It might seem like an incredible and illogical statement, but it is true that, traditional “defensive” driver training does not prevent crashes.
“Self reported collisions were no different overall for the course participants than a control group, but drivers who participated in two or more courses had more collisions than those who only participated once. Those who reported that they felt the course had a positive effect also crashed more.”
Siegrist and Ramseier (1992) Evaluation of advanced driving courses
The evidence is scientific, overwhelming and unambiguous. Driver training as we know it does not produce safer drivers.
There is a significant body of evidence that suggests that driver training makes people think more optimistically about their personal chances of crashing. If a person believes that they will be better off than other drivers, they may put less effort into staying safe. This notion of “driver optimism” helps explain why some drivers actually crash more after training, or why other positive effects are negated.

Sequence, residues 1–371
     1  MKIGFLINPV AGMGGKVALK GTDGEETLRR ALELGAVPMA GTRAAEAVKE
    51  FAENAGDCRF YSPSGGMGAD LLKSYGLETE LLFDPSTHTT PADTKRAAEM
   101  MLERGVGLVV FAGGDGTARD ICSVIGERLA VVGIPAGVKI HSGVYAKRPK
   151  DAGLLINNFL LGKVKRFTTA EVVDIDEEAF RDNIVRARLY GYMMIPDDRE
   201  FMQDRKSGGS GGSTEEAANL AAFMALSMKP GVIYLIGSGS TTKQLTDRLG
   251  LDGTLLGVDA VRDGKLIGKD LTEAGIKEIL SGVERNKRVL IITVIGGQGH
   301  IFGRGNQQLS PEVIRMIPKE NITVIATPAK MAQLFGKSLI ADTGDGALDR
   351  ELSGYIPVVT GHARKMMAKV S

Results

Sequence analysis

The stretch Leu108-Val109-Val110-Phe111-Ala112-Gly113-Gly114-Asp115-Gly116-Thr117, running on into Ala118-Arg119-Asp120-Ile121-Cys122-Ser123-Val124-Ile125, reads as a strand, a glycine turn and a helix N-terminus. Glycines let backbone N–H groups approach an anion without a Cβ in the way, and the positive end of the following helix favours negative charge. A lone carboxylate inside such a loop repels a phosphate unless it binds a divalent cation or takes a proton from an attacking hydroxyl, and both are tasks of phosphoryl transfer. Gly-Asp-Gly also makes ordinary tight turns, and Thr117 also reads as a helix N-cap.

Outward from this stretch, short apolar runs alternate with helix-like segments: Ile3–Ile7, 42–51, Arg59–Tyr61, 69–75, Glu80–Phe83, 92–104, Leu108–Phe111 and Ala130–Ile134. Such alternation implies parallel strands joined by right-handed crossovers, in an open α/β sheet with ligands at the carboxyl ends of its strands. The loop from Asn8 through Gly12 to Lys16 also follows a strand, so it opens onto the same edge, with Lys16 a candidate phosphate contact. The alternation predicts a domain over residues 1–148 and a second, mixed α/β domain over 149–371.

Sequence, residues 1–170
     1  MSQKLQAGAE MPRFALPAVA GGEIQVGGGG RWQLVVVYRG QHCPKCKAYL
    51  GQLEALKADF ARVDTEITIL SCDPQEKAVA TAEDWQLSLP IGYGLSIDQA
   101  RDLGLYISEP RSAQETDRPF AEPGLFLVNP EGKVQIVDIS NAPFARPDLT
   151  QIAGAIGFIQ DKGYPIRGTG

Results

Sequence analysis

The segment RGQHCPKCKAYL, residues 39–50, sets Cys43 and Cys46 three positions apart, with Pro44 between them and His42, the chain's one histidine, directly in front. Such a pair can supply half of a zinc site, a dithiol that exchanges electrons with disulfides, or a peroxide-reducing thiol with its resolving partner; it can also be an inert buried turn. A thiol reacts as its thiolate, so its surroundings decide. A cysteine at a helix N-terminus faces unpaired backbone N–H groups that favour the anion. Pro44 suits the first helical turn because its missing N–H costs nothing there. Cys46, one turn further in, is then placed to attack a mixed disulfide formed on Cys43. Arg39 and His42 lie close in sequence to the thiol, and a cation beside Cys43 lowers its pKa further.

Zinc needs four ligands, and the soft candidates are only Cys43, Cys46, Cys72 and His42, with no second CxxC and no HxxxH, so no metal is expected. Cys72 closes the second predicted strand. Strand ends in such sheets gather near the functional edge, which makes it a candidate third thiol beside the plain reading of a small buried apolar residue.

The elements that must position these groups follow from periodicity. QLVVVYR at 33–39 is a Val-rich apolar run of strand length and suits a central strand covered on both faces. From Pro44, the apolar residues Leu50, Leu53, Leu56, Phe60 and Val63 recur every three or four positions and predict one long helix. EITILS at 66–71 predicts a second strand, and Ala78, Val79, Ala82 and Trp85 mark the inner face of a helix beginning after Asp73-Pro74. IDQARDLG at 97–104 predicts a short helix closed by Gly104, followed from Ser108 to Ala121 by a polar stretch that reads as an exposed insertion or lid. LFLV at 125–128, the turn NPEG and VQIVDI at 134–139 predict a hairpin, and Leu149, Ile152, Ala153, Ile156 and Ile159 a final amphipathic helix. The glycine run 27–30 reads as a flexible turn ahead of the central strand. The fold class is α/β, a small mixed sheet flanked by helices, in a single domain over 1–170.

“There has been a realisation that the driver’s exercise of choice and level of risk taking behaviour rather than physical skills, are of paramount importance in safe driving.”
Thomas Higgins (1994) NRMA
Next comes the professional driver.
“Racing drivers, young drivers and male drivers, the very groups with the highest levels of perceptual-motor skills and the greatest interest in driving, are the groups which have the higher than average crash involvement rates. This demonstrates that increased driving skill and knowledge are not the most important factors associated with avoiding traffic crashes. What is crucial is not how the driver can drive (driver performance) but how the driver does drive (driver behaviour).”
“The clear failure of the skill model underlines the need to consider motivational models that incorporate the self-paced nature of the driving task.”
Leonard Evans (1991) Traffic Safety & The Driver
Corporate Driver Training Australia program is 100% directed at the altering behavior to change perception of risk.